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How do enzymes work?
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| Words: 3500 | Submitted: 30-Mar-2008
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Description Many chemical reactions can be speeded up by substances called
catalysts. A catalyst increases the rate of a chemical
reaction, but can be recovered chemically unchanged at the end
of the reaction. Living things are extraordinarily complex and
a vast number of chemical reactions occur in all living cells.
The catalysts that enable chemical reactions to occur in
living cells are called enymes. Without enzymes, the chemistry
performed by living cells, called metabolism, would happen at
too slow a rate for the organism to stay alive.
Enzymes are proteins, which themselves are long chains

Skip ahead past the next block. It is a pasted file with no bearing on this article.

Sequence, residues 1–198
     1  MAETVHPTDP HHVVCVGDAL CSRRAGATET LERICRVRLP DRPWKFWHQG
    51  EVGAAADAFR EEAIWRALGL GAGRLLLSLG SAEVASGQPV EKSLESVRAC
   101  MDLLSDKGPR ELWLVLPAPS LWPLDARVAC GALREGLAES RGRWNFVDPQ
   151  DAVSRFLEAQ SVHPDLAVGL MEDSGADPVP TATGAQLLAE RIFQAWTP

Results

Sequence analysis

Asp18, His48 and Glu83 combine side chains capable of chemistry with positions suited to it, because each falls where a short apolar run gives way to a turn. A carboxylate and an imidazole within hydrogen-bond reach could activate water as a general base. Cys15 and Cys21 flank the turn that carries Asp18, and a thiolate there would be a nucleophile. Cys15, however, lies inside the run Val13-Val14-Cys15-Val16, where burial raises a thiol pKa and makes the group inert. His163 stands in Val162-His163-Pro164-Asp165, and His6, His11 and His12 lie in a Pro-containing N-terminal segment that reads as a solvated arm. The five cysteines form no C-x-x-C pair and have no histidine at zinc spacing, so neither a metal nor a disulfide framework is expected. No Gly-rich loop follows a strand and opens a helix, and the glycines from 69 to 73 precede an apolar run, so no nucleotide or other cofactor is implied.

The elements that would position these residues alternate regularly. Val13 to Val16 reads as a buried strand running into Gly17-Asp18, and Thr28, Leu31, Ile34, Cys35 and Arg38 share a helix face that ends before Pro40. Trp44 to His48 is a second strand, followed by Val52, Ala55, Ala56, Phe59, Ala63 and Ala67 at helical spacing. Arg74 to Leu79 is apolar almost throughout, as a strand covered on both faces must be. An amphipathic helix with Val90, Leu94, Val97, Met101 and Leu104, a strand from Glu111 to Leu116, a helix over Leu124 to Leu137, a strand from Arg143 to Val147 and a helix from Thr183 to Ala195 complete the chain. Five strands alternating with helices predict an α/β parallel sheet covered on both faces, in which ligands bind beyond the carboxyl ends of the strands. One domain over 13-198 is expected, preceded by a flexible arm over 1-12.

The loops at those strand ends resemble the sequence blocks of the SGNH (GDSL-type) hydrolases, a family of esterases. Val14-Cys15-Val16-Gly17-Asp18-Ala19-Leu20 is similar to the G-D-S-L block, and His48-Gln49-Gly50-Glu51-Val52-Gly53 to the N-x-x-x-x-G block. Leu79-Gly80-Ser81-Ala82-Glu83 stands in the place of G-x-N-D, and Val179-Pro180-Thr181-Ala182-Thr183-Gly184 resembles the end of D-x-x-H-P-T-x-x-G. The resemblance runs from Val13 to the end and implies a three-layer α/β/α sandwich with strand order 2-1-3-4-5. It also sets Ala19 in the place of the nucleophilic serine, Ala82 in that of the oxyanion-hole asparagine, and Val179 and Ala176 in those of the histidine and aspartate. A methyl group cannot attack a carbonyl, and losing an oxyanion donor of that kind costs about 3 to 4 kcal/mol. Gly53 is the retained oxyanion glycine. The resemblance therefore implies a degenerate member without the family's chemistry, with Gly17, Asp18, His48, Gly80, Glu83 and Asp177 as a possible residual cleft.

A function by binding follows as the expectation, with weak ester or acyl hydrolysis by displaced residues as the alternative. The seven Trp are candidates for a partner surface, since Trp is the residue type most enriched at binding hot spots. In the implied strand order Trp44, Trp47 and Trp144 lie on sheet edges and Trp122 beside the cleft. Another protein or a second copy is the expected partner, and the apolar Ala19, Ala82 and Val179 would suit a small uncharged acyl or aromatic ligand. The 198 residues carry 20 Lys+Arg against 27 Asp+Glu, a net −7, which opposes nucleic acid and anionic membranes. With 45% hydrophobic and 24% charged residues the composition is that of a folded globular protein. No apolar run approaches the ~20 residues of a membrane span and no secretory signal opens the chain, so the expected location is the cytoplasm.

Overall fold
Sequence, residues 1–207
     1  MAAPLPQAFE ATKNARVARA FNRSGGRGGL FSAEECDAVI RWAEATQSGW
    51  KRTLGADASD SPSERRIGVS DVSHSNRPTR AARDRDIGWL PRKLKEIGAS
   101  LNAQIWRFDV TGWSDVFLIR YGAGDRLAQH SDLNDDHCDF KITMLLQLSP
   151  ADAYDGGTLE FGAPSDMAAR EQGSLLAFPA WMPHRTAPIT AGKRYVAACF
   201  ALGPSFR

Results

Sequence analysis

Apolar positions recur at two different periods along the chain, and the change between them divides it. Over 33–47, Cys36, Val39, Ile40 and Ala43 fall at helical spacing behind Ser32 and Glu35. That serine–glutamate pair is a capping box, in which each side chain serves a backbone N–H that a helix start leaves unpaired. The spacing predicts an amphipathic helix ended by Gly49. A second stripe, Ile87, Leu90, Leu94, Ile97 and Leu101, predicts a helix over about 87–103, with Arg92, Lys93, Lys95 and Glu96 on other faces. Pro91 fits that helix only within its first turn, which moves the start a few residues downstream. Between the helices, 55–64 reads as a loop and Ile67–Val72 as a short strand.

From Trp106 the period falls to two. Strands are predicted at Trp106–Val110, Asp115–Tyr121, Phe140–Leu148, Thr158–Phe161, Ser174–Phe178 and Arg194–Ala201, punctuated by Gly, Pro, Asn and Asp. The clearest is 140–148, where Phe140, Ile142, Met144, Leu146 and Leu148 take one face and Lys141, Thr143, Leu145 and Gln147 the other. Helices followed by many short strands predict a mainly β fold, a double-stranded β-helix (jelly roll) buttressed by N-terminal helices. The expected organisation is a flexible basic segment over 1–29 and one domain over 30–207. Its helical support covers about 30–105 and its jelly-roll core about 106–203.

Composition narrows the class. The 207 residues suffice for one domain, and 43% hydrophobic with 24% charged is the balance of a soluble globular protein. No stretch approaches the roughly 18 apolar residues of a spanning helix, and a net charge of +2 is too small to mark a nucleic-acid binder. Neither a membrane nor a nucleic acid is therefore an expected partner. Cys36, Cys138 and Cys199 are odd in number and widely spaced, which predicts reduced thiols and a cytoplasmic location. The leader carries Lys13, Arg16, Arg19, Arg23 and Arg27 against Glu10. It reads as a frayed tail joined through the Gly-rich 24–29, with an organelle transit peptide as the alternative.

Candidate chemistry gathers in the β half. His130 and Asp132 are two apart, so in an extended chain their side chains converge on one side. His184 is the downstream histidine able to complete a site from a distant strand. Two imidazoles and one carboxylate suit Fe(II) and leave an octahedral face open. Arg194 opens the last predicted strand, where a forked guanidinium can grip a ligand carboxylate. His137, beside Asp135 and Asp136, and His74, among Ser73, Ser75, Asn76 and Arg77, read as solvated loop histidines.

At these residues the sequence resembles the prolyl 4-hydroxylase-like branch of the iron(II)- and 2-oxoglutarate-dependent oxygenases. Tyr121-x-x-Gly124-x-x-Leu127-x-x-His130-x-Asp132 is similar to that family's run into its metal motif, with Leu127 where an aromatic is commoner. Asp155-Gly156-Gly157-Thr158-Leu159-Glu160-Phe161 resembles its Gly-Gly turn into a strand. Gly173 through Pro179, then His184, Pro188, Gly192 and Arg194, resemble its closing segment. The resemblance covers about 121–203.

(polymers) of amino acids. These amino acids tangle themselves
up into a ball shape, and hence most enzymes are globular
proteins. The tangling is not random but is dependent on the
nature of the amino acids that make up the protein, and how
they interact with one another.
There are many hundreds of different enzymes, and each enzyme
is specific for the substrate on which it acts. The substrate
is the substance that is present at the beginning of the
reaction. The substance which is made by the enzyme is called
the product. For example, the digestive enzyme amylase, which
is found in saliva, acts on the substrate starch to make
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